Nathanial Zimet is the New South. His food at tiny Boucherie will at once intoxicate you with its slow, familiar drawl and energize you with new, fresh flavors. He’s making the most exciting food in town, plates full of eccentric touches and grounded by solid technique. This North Carolina native knows his pork and smoke, and he gives new life to collard greens. And while getting a table at Boucherie can be a challenge, Zimet also shares his talents through high-volume catering and occasional spins in his “big purple truck”—the venue-on-wheels that launched his career here. After surviving a near-fatal shooting last year (and returning to the line in less than six months), we’re convinced there’s nothing stopping Zimet from becoming the next standard bearer of Southern cuisine.

Dishes that Clinched It:

  • Mussels Steamed with Collard Greens and Crispy Grits Crackers
  • Crispy Corn Pudding: Cornbread Stuffed with Creamed Corn, Smothered Okra, and Buttermilk
Ben Hammond

Chef: Ben Hammond, Cochon

Ben Hammond was destined to conquer pork. And from our first bite of his salty, melting Country Ham, we knew this chef had lived up to his namesake, and to that of the kitchen he leads at Cochon. Fostered by our 2003 Rising Star Chef Donald Link, Hammond's talent has helped refine and redefine Southern classics. Aforementioned Country Ham could compete with any Iberico, and he’s taken trotter from the muck of the pigpen to the height of gelatinous, briny perfection. With devotion to local product, supreme command of acidity, and the presence of a leader, Hammond and his golden, porky idol will undoubtedly fly.

Dishes that Clinched It:

  • Smoked Ham Hock, Farro, Ham Hock Consommé, Pickled Squash, and Bitter Greens
  • Sautéed Jumbo Gulf Shrimp, Black-eyed Peas, Brussels Sprouts, Crushed Herbs, and Whipped Goat Feta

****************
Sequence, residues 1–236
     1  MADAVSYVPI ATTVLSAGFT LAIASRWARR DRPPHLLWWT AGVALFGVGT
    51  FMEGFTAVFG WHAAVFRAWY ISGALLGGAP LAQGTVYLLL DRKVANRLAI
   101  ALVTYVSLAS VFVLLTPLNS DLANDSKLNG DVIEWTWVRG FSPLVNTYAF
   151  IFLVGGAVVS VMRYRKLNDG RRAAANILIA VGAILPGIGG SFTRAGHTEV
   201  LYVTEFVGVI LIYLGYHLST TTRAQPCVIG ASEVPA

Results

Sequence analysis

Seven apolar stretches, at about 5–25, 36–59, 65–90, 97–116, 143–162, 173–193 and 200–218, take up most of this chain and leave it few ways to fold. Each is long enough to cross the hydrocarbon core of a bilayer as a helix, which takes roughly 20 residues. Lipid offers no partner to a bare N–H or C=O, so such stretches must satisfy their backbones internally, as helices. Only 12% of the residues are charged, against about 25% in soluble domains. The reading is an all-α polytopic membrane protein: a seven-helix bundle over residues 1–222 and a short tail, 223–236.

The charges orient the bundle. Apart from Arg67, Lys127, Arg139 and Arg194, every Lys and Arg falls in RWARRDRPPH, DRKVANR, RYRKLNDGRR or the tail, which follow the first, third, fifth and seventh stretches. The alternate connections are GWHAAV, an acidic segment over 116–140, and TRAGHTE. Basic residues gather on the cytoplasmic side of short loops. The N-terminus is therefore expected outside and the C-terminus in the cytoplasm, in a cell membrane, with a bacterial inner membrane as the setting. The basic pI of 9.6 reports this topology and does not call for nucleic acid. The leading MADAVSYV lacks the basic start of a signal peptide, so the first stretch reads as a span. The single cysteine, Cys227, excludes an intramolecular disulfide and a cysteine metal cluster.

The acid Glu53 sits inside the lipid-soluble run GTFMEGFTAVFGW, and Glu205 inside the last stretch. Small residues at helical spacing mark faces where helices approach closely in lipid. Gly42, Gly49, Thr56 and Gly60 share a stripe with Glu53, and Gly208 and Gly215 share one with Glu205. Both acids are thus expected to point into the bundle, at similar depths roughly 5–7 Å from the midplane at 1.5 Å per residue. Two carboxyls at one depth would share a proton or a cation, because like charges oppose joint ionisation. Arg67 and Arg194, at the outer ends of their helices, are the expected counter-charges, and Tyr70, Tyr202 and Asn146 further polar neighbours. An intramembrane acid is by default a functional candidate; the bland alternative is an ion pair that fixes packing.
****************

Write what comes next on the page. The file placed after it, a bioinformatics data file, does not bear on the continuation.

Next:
Sue Zemanick

Chef: Sue Zemanick, Gautreau's

Sue Zemanick’s food has soul. This Gautreau’s chef relies on the purity of ingredients and back-to-basics cooking to make food that recalls a sense of place—we found an elegant ladies’ lunch, a retro diner, and a campfire sing-along in her dishes. But she’s not reaching back in time so much as pulling from deep within her cheffy self to bring joy and simple pleasure back to the table and her loyal legion of diners. A meal at Gautreau’s won’t lead you down the rabbit hole of mystery (What’s that spice I taste?) or through the prism of modern cuisine (Yes, I’ll take my oyster gelée over dry ice.), but it will make you purr with pleasure, close your eyes, and linger for an awkward moment with your spoon. Zemanick has found our weak spot, and she’s bound to exploit it with unparalleled success in New Orleans and beyond.

Dishes that Clinched It:

  • Citrus-poached Gulf Shrimp, Hearts of Palm, Radishes, Watercress, and Sesame-Ginger Vinaigrette
  • Sautéed Red Grouper, Cauliflower Purée, Oyster Mushrooms, Grilled Radicchio, Jumbo Lump Crab Meat, and Truffle Beurre Blanc
Phillip Lopez

Chef: Phillip Lopez, Root